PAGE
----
IPPOLITO et al v. IPPOLITO et al
OPINION. Signed by Judge John Michael Vazquez on 5/24/17. (cm, )
NOT FOR PUBLICATION
UNITED STATES DISTRICT COURT
DISTRICT Of NEW JERSEY
IN RE TOBIA IPPOLITO,
Civil Action Nos. 16-03 827;
John Michael Vazguez, U.S.D.J.
This matter comes before the Court by way of pro se Debtor Tobia Ippolito’s motions to
intervene into the appeals of two separate orders arising from the same underlying bankruptcy
proceeding.’ The Court reviewed all submissions in support and opposition, and considered the
motion without oral argument pursuant to Federal Rule of Civil Procedure 78 and Local Civil Rule
78.1(b). For the reasons that follow, the Court denies Mr. Ippolito’s motion.
I. BACKGROUND AND PROCEDURAL HISTORY
In the underlying bankruptcy matter (the “Bankruptcy Proceeding”), Judge Gambardella
entered two orders that were subsequently appealed to this Court. The first order was entered on
May 25, 2016, and denied Ms. Ippolito’s motion to dismiss Mr. Ippolito’s Chapter 7 bankruptcy
Mr. Ippolito’s briefs are filed as D.E. 19 and 25 in docket numbers 16-3827 and 16-3808,
respectively. The submissions in support of the motions to intervene are identical in both matters.
Accordingly, for ease of reference, the Court will collectively refer to the submissions as “T.
Ippolito’s Br.” Lisa Ippolito’s briefs in opposition are also identical in both matters and will
therefore collectively be known as “L. Ippolito’s Opp.” Mr. Ippolito’s submissions in reply are
also the same in both matters and shall collectively be known as “T. Ippolito’s Rep.”
petition (the “first Order”). Docket No. 16-3827, D.E. 20-1, Ex. 1 (the “Bankruptcy Docket”) at
D.E. 55. On May 31, 2016, Judge Gambardella entered an order granting Ms. Ippolito’s request
for relief from the automatic stay (the “Second Order”). Id. at D.E. 60. On June 7, 2016, Ms.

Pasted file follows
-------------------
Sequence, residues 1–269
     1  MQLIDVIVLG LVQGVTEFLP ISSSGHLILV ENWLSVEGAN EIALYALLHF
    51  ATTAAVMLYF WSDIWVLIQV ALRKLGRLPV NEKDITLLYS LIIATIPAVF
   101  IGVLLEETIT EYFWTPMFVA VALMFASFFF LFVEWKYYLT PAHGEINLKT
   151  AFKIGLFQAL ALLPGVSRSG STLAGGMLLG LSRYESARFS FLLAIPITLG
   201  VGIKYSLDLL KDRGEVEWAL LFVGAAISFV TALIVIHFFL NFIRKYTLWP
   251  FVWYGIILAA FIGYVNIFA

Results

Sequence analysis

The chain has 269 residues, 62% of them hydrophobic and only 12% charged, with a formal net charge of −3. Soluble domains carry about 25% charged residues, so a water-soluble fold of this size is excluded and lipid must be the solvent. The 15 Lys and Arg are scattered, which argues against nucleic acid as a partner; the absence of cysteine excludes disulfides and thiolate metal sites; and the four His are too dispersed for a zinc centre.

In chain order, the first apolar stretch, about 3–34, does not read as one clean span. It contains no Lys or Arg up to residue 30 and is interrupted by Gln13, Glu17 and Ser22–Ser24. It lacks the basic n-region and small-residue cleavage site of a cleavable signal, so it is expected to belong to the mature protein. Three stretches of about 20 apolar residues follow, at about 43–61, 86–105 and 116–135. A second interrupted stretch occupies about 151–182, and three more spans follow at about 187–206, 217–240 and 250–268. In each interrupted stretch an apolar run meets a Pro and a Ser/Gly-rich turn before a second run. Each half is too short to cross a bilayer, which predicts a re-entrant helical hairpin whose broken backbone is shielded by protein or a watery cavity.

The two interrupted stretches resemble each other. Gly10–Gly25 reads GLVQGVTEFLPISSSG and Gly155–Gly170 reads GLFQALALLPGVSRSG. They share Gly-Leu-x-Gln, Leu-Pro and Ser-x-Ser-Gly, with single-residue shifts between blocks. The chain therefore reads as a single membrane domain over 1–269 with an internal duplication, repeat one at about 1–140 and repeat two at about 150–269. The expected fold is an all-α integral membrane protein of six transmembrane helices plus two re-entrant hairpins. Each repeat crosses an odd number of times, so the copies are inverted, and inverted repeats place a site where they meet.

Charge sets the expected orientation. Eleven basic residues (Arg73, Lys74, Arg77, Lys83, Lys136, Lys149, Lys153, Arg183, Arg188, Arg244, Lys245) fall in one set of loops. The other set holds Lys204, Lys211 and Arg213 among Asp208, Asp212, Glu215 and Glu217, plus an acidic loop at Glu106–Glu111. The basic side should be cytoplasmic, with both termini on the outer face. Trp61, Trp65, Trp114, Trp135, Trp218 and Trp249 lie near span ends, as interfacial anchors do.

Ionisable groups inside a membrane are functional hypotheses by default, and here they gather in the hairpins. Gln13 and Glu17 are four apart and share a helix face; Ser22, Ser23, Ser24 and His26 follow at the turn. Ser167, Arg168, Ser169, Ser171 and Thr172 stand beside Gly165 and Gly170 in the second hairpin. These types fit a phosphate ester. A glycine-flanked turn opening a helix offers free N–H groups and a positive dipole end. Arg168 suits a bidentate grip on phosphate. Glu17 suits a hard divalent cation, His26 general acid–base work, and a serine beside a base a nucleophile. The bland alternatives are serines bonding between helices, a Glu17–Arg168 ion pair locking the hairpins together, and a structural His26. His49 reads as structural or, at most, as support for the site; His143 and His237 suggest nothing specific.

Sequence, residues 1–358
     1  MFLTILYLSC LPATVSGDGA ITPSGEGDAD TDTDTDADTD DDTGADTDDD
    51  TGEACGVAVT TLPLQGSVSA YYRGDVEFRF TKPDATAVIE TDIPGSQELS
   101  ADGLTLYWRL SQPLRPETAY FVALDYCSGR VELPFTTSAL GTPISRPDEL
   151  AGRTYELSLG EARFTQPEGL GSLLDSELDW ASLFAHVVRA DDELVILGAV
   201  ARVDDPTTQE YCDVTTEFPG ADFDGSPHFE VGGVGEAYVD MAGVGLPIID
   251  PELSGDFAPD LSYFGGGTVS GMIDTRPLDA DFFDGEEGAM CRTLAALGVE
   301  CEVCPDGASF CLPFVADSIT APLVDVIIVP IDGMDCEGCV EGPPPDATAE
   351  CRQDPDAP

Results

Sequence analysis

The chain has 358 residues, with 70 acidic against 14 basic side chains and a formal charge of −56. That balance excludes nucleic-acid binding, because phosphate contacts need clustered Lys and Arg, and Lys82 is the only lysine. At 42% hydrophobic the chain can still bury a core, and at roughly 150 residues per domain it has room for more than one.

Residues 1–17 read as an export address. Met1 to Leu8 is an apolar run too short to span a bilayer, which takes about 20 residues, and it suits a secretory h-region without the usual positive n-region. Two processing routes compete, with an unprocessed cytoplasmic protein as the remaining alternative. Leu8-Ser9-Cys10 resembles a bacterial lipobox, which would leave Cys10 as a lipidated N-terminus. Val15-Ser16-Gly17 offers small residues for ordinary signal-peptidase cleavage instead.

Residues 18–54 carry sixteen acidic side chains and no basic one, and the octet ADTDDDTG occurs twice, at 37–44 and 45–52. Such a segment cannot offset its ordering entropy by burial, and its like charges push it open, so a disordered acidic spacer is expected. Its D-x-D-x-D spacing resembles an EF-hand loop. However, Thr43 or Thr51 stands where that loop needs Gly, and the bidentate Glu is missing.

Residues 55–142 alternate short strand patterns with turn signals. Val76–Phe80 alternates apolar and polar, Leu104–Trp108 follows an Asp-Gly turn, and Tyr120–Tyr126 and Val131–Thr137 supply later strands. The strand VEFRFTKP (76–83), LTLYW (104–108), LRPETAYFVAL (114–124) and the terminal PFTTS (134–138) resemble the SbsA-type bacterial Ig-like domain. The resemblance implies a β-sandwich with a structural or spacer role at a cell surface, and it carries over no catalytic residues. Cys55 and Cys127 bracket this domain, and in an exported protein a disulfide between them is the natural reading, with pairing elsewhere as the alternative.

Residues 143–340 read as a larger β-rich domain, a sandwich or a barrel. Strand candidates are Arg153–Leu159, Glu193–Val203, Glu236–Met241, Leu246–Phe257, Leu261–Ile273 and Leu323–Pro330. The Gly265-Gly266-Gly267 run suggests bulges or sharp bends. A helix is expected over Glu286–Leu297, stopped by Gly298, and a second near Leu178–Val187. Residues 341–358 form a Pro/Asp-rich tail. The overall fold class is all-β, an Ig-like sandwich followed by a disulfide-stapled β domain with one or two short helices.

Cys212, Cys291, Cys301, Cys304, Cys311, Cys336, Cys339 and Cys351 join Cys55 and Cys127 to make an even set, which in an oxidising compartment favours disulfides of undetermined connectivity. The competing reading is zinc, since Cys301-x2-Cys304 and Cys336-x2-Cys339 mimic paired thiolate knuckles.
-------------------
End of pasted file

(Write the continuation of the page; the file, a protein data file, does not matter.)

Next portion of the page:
Ippolito filed a notice of appeal of the First Order. Id. at D.E. 63. On June 8, 2016, the Chapter 7
Trustee filed a notice of appeal of the Second Order. Id. at D.E. 64.
At all relevant times during the Bankruptcy Proceeding, Mr. Ippolito was represented by
counsel.2 Mr. Ippolito’s counsel was registered on CM/ECf, the Court’s electronic filing system,
and therefore received notifications that the notices of appeal were filed. Mr. Ippolito did not file
a notice of appeal of either order, and he did not file an opposition to either of the appeals.
According to Mr. Ippolito, he was incarcerated multiple times in the summer of 2016.
Docket No. 16-3 827, D.E. 19-3
On June 13, 2016, Mr. Ippolito was incarcerated for two days.
Id. On June 20, 2016, he was incarcerated for “several days.” Id. On August 6, 2016, he was
incarcerated for fifty-one days until he was released on September 26, 2016. Id.
On October 21, 2016, Mr. Ippolito requested a conference call with the Court to address
the alleged non-service of certain filings related to the two pending appeals. Docket No. 16-3 808,
D.E. 11. On November 18, 2016, the Court held the conference call and subsequently ordered that
“if Mr. Ippolito wishes to participate in the above-referenced bankruptcy appeals, on or before
December 6, 2016, he shall file a formal motion requesting to do so.” Id. at D.E. 18. On December
7, 2016, Mr. Ippolito filed his motions to intervene.
II. LAW AND ANALYSIS
On August 2, 2016, about two months after the notices of appeal of the First and Second Orders
were filed, Mr. Ippolito’s counsel filed a motion to withdraw as his attorney. Id. at D.E. 85.
Judge Gambardella granted the motion on August 29, 2016. Id. at D.E. 92.
Mr. Ippolito argues that under Federal Rule of Civil Procedure 24, he should be permitted
to intervene in the appeals of the First and Second Orders. Mr. Ippolito maintains that while
incarcerated, he was not served with either of the notices of appeal. T. Ippolito’s Br. at 6. Mr.
Ippolito contends that he was “without counsel during the statutory filing deadlines” and contacted
the Court “as soon as practicable.
to seek intervention.” Id. at 7.
Ms. Ippolito responds that at all relevant times, Mr. Ippolito was represented by counsel
and was properly served with all pertinent filings via CM/ECF. L. Ippolito Opp. at 2. According